Senior Dance! Entrance: $5 plus a shared dish (pot-luck style for 8-10 people), without the dish, $7 entrance
Added to the calendar on Monday Apr 23rd, 2012 3:19 PM
No kids, no alcohol.
Baile para Gente Mayor de Edad
Entrada: $5 y un platillo para compartir con 8-10 personas (convivo), sin el platillo, la entrada cuesta $7.
No niños, no alcol.
The Springfield Grange, an 80-year old institution on the corner of Werner and Elkhorn Roads in North Monterey County, remained inactive for the last several years, following decades serving as a social and political hub for farmers in our region. Since swearing in 65 new members in 2011, the Springfield Grange is one of the fastest growing Grange Halls in the country. The new President of the Springfield Grange, Alan Hicks, feels that this growth is due to the rising interest in sustainable agriculture, quality food, farmers markets, and a desire for a place for community building and a space for activities.
The National Grange Movement started in 1867 to represent the interests of small farmers and remains a repository for rural values, traditions and knowledge. Due to renewed interest in sustainable agricultural practices and small farming livelihoods, the Grange Movement has been growing, especially in California, for the first time in over 30 years.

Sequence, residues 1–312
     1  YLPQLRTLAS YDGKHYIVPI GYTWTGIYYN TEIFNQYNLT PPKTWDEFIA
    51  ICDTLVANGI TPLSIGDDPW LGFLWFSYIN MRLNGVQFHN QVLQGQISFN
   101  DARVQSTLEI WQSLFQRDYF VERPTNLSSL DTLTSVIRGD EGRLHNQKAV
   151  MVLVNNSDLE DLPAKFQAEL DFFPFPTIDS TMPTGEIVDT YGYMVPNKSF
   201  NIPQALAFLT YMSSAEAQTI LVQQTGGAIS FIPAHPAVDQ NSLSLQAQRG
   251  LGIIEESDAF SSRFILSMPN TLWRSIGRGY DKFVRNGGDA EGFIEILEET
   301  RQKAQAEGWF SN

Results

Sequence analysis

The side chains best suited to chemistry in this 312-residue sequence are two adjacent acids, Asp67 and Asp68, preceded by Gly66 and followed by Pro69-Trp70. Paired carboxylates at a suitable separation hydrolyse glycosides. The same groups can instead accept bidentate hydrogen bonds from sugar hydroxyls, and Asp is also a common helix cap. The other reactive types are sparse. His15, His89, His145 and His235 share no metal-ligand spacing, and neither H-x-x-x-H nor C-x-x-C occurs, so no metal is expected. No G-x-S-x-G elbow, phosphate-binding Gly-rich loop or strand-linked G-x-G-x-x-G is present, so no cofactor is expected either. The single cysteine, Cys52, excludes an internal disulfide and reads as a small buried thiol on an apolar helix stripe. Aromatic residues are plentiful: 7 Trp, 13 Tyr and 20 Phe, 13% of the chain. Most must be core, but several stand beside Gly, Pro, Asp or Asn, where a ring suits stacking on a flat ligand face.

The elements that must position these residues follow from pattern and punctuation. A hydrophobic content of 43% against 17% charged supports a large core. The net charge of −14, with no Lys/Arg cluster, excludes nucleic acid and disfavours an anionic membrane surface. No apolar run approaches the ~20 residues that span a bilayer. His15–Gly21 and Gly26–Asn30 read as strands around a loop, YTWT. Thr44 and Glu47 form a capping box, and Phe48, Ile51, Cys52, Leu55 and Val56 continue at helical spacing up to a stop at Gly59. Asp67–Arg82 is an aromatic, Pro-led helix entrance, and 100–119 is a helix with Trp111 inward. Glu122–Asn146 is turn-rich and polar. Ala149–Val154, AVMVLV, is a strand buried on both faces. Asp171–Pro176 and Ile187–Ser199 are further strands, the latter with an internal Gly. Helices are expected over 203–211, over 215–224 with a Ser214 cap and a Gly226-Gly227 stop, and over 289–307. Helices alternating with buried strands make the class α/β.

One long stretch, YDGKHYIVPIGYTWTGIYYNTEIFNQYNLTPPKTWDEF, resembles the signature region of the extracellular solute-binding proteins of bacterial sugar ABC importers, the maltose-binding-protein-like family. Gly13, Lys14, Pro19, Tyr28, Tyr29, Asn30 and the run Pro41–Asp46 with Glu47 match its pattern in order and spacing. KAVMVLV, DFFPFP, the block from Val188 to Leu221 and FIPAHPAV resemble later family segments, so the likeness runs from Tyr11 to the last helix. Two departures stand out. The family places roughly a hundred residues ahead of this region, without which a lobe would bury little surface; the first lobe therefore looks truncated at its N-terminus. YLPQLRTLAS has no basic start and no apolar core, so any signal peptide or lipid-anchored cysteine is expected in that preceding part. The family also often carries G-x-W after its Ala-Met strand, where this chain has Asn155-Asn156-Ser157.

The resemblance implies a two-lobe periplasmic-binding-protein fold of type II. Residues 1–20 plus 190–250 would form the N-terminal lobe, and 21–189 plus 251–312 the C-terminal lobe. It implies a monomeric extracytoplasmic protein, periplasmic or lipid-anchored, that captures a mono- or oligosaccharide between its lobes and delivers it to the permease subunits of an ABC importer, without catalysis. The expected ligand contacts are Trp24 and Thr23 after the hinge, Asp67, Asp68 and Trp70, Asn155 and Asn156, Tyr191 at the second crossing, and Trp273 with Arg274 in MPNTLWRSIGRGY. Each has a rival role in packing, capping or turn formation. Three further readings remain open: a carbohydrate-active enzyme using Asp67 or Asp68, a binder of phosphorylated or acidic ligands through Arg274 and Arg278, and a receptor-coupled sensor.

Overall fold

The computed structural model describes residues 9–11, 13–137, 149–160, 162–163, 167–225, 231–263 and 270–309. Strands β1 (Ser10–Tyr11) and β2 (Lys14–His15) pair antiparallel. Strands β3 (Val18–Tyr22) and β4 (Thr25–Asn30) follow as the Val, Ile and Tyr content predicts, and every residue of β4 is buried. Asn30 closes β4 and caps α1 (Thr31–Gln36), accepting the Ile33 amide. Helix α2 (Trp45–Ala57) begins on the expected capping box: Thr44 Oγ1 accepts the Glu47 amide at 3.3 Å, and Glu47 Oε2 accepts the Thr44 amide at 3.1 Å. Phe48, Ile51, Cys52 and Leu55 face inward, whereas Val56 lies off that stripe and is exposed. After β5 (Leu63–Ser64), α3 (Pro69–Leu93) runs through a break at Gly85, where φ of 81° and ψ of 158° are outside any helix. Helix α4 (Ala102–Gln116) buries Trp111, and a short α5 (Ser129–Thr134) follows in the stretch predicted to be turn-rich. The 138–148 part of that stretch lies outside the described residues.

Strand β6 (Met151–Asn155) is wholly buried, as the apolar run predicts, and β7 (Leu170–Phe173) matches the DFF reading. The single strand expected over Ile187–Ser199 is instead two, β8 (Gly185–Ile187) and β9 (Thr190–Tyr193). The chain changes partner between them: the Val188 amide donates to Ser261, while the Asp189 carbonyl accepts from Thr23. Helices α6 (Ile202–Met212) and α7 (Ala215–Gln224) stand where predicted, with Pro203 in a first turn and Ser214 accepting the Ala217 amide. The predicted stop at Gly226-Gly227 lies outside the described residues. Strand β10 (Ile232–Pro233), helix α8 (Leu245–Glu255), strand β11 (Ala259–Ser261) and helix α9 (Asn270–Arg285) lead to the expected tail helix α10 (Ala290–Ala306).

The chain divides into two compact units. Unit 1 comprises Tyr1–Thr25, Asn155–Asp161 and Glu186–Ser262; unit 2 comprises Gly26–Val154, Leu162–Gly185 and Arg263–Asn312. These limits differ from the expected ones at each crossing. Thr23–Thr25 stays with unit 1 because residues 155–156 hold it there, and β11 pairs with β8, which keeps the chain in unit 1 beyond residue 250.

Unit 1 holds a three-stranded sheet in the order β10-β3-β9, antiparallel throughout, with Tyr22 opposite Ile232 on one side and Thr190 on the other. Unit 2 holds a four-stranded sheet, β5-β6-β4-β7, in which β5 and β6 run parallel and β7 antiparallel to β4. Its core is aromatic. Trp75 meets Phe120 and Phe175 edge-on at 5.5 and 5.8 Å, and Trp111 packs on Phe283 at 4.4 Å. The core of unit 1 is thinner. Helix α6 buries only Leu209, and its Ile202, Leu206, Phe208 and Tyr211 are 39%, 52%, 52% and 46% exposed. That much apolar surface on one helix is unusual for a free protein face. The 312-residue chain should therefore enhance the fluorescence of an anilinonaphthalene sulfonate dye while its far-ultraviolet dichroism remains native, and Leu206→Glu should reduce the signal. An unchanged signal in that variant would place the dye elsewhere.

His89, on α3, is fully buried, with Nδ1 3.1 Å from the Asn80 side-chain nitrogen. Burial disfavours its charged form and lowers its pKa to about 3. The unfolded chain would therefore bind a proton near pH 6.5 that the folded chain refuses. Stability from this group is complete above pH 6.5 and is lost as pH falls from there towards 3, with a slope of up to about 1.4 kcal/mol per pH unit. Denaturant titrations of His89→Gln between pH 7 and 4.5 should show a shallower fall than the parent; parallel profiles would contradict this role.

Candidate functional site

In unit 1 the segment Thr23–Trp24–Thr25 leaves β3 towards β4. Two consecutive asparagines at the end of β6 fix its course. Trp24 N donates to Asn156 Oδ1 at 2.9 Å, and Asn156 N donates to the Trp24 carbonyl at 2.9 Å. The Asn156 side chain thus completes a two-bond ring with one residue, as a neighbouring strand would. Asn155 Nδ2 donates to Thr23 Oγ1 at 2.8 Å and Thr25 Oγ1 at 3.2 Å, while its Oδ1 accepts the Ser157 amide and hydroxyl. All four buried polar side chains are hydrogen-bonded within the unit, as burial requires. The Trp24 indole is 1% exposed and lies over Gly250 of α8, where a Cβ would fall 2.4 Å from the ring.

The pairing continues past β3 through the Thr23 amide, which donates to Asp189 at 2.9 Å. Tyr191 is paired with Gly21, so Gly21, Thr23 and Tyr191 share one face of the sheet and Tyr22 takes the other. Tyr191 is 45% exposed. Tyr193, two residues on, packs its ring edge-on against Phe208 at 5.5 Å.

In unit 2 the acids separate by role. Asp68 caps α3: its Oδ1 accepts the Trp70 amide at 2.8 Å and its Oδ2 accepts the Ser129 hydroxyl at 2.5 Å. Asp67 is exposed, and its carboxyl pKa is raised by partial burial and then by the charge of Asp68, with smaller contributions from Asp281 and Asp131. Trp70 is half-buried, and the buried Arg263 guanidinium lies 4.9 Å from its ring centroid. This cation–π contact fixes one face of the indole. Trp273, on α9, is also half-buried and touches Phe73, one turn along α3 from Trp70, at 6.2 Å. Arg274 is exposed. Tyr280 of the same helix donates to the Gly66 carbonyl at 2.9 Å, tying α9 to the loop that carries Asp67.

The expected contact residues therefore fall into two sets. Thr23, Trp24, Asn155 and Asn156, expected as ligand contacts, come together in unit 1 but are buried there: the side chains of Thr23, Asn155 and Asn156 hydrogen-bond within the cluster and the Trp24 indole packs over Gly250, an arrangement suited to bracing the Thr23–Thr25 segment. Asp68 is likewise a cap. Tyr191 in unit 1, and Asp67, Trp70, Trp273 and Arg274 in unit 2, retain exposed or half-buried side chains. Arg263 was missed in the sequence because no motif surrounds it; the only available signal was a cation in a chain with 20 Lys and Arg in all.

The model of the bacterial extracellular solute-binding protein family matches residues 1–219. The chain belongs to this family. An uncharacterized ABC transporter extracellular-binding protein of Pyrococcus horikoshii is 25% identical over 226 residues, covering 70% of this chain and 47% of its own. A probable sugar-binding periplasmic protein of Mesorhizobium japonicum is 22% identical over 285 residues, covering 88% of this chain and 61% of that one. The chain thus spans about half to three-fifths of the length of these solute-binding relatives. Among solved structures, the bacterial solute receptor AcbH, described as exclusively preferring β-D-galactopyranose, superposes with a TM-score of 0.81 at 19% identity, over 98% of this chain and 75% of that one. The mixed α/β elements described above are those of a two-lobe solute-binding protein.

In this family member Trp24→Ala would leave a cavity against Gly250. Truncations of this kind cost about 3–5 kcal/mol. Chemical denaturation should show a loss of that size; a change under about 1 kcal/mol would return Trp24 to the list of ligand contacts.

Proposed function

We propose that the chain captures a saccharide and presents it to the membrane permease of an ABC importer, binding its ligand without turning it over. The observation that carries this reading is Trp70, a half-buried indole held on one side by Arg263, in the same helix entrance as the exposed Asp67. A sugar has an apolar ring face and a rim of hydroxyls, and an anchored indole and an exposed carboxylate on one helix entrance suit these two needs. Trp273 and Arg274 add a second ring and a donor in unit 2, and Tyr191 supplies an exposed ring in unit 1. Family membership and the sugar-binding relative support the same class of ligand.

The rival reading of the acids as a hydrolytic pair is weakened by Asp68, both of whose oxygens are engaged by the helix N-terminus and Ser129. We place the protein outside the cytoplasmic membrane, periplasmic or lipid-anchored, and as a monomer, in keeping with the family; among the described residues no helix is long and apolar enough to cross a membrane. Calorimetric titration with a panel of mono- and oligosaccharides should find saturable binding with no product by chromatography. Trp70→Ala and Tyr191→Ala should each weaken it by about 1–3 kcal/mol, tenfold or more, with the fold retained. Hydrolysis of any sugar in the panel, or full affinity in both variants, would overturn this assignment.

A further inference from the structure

Hicks envisions Grange participation in the development of a farm stand at the busy intersection where local farmers can sell their organic produce and artisans, their crafts. He wants to appeal to farmers as well as field workers. Events ranging from pancake breakfasts to Mexican barbacoas are in the works as well. The goal is also to provide a space for youth of diverse cultures and ethnic backgrounds to have safe, healthy, educational activities that support community cooperation.
Local and state elected officials such as, Watsonville Mayor Eduardo Montesino, Watsonville City Councilman Lowell Hurst, and State Assembly members Bill Monning and Luis Alejo are supporting the revitalization effort by becoming Springfield Grange members themselves. "This is about community empowerment, community organization, and folks coming together to bond and solve neighborhood problems, to provide some fellowship and some opportunities to learn and teach future generations," Watsonville City Councilman Hurst said in a recent article in the Santa Cruz Sentinel.